Yesterday evening, the north-western flank of the cone collapsed after the volcano had its strongest daytime activity since the beginning of the eruption (Sept. 19th). Large amounts of lava flowed out.
Apparently, the upper vents have been clogged during the collapse, meaning that the material could no longer be ejected.
This resulted in a floor elevation of at least 17 centimeters within 24 hours as shown in the GPS data below:
This new ground inflation shows that an enormous pressure is building up under the volcano. Consequently Pevolca issued a warning of possible explosions over the next few days.
The latest GPS data are very worrying. If this is not a measurement error, we could see a sharp increase in activity in the next few hours or days.
Residents have also reported an increasing, whistling noise since Sunday. This could be related to a Glissando effect, which normally occurs before or during a volcanic climax.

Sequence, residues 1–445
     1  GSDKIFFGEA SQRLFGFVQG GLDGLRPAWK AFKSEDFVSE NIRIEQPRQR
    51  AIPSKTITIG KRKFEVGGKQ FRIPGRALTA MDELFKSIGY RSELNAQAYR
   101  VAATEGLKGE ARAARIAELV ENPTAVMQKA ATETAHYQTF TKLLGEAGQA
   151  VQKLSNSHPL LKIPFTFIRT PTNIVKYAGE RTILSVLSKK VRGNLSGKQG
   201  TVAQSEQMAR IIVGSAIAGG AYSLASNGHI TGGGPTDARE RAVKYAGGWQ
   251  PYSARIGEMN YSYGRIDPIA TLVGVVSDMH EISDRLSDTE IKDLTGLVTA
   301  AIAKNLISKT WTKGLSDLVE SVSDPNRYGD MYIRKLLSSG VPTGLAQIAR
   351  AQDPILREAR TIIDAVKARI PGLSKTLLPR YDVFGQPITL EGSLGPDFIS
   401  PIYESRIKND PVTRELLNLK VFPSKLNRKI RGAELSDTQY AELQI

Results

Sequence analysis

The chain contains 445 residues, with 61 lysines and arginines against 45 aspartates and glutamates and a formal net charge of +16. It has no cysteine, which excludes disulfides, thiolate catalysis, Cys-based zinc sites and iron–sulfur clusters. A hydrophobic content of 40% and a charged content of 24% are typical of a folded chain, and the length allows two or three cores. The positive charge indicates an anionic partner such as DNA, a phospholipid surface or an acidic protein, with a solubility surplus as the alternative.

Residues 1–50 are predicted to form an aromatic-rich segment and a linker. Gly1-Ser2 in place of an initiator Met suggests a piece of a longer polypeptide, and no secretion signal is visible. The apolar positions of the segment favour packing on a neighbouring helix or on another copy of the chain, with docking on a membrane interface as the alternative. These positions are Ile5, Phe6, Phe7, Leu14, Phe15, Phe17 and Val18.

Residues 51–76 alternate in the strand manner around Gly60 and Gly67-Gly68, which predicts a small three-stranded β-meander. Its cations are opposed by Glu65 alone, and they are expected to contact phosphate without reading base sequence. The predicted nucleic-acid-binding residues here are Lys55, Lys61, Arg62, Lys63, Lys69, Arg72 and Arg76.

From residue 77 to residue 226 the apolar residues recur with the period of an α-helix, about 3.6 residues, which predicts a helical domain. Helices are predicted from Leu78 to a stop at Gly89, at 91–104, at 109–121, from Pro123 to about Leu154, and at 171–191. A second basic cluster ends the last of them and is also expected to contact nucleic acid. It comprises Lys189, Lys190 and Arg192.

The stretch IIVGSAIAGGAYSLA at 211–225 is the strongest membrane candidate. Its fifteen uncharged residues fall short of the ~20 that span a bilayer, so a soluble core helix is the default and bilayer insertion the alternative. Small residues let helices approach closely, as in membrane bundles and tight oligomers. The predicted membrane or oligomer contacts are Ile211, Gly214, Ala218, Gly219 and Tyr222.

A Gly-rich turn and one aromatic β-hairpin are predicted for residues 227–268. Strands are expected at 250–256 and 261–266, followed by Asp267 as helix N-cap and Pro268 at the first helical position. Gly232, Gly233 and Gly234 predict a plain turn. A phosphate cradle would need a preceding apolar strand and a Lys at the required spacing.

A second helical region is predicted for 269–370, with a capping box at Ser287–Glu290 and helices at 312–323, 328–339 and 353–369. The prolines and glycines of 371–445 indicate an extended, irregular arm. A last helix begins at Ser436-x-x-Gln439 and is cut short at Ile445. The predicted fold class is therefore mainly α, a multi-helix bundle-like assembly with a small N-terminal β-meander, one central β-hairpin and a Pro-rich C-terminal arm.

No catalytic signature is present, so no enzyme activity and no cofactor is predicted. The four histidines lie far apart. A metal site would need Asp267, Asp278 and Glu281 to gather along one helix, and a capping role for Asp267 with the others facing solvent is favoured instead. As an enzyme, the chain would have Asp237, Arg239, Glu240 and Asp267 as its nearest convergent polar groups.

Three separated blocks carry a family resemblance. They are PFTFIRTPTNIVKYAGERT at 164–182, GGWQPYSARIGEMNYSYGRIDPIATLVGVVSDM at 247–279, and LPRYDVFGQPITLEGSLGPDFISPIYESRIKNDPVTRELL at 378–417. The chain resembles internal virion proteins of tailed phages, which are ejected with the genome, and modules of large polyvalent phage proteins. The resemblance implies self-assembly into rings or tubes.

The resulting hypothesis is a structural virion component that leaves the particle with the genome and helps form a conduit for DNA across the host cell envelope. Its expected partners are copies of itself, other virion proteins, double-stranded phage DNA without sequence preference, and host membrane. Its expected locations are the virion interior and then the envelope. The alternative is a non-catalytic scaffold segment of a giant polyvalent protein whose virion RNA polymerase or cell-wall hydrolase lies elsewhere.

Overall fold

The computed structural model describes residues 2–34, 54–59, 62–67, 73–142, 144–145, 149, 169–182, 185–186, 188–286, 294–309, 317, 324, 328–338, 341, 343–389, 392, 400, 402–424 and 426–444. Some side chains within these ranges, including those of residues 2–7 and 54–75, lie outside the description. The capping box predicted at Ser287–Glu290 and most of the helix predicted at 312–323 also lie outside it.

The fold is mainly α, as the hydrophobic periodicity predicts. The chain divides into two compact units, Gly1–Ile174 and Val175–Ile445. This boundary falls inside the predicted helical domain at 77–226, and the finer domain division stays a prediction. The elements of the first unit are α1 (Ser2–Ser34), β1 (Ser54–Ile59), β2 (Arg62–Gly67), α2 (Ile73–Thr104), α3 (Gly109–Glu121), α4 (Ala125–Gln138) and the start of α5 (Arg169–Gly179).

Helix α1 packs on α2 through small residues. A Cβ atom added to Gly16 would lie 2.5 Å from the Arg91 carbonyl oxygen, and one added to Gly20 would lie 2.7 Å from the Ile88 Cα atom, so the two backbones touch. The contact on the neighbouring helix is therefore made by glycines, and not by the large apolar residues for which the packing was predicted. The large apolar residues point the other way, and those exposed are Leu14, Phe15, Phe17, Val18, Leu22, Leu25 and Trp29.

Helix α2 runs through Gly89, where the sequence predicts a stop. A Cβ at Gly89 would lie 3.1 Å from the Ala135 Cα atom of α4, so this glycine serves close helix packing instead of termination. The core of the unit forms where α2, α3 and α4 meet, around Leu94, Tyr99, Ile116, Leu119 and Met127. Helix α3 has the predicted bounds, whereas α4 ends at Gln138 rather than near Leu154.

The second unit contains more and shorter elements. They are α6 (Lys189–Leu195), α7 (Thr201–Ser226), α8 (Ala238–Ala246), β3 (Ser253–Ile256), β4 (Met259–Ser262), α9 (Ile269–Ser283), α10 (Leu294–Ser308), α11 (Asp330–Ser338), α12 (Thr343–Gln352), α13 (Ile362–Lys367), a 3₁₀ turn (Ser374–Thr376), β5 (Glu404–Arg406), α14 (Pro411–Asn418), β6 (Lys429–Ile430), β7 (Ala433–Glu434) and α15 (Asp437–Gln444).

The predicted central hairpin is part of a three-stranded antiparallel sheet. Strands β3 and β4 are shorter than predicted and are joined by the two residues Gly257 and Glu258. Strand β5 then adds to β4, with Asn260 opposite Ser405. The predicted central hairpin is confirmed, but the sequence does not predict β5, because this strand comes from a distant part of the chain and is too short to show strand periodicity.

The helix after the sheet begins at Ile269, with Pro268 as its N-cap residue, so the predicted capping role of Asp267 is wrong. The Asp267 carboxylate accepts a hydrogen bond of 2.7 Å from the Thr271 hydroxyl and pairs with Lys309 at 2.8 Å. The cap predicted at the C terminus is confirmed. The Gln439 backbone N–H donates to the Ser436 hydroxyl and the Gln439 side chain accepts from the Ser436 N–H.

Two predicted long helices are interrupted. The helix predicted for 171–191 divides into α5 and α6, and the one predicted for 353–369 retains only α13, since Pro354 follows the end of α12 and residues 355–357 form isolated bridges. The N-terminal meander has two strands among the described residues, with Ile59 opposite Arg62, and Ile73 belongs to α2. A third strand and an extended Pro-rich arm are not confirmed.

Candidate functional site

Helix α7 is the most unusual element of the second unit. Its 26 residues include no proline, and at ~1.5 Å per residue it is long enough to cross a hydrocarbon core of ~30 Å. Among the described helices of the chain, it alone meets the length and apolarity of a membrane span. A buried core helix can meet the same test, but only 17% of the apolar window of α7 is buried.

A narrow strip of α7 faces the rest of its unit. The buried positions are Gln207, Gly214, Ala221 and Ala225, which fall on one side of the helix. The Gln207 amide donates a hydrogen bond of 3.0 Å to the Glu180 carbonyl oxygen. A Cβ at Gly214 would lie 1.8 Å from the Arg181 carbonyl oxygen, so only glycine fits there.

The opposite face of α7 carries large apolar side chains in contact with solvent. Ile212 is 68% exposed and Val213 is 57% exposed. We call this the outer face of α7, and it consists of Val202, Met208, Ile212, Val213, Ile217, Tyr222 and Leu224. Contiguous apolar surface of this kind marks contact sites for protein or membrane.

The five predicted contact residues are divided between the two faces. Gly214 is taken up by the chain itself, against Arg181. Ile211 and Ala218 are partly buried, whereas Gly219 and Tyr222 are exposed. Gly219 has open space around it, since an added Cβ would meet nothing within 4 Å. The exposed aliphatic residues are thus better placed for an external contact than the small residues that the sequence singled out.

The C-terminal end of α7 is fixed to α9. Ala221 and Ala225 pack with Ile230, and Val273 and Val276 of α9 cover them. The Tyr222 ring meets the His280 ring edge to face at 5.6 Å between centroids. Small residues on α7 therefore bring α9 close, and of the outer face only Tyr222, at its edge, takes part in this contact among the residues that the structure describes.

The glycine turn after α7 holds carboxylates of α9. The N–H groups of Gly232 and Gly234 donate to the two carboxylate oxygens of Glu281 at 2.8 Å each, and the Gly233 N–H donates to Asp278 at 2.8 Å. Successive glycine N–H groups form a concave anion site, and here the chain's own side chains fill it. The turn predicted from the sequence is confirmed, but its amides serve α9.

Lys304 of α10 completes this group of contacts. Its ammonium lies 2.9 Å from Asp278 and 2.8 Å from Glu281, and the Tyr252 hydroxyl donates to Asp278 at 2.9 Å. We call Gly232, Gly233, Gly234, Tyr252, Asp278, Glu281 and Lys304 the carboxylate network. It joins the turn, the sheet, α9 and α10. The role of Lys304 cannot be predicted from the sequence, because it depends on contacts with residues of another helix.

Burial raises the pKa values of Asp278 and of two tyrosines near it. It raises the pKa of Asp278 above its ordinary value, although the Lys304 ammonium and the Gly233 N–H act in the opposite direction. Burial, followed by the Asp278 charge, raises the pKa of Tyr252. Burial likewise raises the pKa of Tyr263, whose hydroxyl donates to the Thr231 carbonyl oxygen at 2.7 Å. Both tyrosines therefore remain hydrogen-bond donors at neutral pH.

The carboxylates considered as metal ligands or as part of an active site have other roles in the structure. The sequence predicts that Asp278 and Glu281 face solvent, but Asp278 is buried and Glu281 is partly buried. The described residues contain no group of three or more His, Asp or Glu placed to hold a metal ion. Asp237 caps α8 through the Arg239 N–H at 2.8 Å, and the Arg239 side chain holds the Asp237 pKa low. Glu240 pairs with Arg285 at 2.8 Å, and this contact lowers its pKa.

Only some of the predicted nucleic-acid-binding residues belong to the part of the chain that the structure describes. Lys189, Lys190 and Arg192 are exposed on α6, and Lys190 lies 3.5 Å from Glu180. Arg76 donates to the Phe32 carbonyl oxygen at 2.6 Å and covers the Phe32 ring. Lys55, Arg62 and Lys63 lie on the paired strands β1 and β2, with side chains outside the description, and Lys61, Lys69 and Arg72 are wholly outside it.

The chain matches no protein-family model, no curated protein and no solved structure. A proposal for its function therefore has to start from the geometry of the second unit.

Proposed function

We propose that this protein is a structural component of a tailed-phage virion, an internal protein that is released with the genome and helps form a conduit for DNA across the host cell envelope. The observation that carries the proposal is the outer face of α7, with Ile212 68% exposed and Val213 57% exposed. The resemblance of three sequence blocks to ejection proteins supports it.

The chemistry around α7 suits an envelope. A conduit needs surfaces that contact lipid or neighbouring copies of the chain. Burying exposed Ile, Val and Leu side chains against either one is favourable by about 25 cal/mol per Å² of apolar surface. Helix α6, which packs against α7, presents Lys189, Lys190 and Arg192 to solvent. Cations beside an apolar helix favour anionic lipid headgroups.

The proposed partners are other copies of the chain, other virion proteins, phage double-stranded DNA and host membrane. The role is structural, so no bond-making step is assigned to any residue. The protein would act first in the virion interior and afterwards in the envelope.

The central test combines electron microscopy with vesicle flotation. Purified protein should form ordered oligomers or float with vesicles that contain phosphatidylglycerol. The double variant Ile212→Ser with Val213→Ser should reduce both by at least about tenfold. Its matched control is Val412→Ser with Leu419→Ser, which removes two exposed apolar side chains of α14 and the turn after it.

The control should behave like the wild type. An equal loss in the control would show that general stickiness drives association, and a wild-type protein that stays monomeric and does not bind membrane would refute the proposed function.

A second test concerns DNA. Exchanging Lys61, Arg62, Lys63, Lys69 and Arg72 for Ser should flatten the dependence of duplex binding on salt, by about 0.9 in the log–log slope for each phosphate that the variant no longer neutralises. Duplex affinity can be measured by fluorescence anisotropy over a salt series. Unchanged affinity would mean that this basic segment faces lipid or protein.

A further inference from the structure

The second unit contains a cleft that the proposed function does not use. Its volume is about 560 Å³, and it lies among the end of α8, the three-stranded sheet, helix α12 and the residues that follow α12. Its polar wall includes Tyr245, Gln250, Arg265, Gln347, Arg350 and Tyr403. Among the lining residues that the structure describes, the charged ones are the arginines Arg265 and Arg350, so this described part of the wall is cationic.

Like a scream before a blast
The subterranean magma plumbing systems that sit beneath volcanoes feed pressurised molten rock toward the surface before eruptions. As the magma flows through deep conduits and cracks, it generates small seismic tremors and earthquakes, typically around magnitude 1.
Sometimes these small earthquakes are spasmodic and episodic, but sometimes they appear to take a more harmonic and almost musical tenor, as was reported recently in a study of the Redoubt volcano, Alaska.
Ksenia Dmitrieva, from Stanford University, and colleagues measured seismicity leading up to an eruption of Redoubt in 2009. Small earthquakes occurred in rapid succession, blurring to a continuous high-frequency tremor, and ceased abruptly to immediate silence for about half a minute before the eruption.
The magma plumbing system appears to act like a giant organ pipe or flute, playing the music of the depths in response to the flowing magma as it judders through the system in a frictional tremor.
It is rather akin to the ringing of a wine glass made with a wet finger, but with the frequency ever increasing in a rising glissando – a musical glide from one pitch to another.
If these data are really correct, we could be at a terrifying turning point of this La Palma volcano eruption.
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